A national survey of households which provides information and statistics used to develop government policy and provide data for funding formula. It takes place every ten years in the UK, with the most recent census in 2011.

  Community Safety Fund

A unringfenced fund paid by the Home Office to PCCs and the City of London from 2013/14 to fund community safety priorities.

  Comprehensive Spending Review (CSR)

Spending Reviews are a process led by HM Treasury to allocate financial resources across all government departments, according to the Government's priorities. Spending Reviews set firm and fixed spending budgets (Departmental Expenditure Limits) for several years for each department; within these limits departments are given some discretion to decide how best to distribute this spending within their areas of responsibility. The most recent Spending Review in 2010 set budgets for the period 2011/12 to 2014/15.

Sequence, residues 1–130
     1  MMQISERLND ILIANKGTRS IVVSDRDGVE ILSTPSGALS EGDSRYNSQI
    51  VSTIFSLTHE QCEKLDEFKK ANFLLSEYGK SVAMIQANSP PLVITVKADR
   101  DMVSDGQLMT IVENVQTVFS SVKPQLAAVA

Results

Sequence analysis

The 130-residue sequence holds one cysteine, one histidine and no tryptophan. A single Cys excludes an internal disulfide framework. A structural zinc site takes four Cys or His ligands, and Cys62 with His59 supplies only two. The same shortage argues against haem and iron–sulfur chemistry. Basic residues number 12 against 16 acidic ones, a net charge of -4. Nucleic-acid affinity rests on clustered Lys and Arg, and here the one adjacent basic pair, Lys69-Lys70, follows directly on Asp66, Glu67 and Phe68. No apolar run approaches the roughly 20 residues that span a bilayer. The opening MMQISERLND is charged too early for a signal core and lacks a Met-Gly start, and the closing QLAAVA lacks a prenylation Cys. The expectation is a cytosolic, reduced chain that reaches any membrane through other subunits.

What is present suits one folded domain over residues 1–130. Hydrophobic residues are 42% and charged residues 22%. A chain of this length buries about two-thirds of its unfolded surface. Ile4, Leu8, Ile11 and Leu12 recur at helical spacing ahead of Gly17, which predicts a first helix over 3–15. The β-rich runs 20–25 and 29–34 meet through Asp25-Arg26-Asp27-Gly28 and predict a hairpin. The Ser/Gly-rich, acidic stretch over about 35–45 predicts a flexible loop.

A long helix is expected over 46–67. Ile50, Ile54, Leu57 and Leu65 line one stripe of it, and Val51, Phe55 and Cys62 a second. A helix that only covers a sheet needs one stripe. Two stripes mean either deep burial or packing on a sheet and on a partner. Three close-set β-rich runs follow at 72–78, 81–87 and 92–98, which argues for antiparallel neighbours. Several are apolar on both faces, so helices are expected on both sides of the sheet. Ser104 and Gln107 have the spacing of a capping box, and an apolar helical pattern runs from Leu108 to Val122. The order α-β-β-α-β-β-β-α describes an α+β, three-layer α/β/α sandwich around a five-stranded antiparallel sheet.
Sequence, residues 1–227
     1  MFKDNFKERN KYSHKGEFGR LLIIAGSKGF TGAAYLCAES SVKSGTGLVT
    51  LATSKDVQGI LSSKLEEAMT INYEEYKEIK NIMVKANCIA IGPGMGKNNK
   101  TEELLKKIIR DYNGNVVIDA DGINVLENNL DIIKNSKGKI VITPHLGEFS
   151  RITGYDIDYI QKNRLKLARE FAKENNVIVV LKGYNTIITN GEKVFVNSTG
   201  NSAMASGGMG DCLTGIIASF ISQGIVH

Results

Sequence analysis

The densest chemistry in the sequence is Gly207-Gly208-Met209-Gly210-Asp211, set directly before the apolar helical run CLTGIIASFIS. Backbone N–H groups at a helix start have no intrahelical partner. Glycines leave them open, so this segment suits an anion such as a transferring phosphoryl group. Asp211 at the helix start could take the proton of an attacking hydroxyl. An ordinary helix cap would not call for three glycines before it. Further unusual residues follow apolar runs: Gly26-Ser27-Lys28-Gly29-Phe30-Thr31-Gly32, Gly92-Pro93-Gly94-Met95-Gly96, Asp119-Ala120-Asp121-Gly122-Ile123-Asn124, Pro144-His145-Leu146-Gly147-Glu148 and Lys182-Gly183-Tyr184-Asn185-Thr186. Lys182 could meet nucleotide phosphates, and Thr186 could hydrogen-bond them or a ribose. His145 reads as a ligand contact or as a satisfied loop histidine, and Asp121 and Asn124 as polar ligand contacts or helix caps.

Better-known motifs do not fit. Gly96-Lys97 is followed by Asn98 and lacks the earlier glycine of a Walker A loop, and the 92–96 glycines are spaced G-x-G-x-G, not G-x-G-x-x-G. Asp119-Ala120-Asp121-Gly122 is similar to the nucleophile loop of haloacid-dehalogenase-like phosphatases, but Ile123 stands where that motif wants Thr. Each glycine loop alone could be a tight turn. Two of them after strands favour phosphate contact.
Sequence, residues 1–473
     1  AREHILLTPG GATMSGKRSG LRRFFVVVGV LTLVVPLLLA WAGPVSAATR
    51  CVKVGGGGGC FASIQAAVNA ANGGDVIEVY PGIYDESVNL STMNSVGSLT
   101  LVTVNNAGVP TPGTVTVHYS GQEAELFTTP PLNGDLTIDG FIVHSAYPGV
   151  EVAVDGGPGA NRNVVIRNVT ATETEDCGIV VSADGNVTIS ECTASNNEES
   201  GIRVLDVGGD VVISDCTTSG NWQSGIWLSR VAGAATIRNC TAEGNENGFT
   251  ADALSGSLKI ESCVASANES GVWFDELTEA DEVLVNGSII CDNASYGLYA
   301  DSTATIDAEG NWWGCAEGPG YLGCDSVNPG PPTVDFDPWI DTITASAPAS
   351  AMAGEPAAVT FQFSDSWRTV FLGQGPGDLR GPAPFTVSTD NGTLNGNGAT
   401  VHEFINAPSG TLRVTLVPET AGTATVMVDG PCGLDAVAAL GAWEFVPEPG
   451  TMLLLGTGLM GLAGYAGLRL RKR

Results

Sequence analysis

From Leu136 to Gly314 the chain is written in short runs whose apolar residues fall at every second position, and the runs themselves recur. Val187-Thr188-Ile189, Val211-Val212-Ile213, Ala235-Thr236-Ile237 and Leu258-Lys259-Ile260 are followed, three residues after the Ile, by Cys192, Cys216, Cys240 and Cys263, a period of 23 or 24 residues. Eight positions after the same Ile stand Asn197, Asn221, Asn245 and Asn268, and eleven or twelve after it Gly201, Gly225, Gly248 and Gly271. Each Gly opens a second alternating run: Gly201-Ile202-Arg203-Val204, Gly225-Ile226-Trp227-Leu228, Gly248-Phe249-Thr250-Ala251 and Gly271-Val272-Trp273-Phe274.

Chartered Institute of Public Finance and Accountancy (Cipfa)

Cipfa, the Chartered Institute of Public Finance and Accountancy, is the professional accountancy body for public finance. It represents public sector accounting and the accountancy profession to Government and interprets and provides guidance on accounting standards and other matters.


The Government publishes consultations to which it invites responses as part of its policy development process. Consultations can take place at different points in the policy cycle, sometimes before legislation is drafted or once legislation has been laid before Parliament. Department usually publish responses to consultations, summarising the responses received from interested parties and outlining next steps.

  Council Tax

A tax on domestic properties based on the value of the property and the number of residents. It is set by a billing authority in order to collect sufficient revenue to meet their demand on the collection fund and the precepts issued by the precepting authorities. The Valuation Office Agency assesses the properties in each district area and assigns each property to one of eight valuation bands; A to H, based on 1991 property prices. The tax is set on the basis of the number of Band D equivalent properties and tax levels for dwellings in other bands are set relative to the Band D baseline.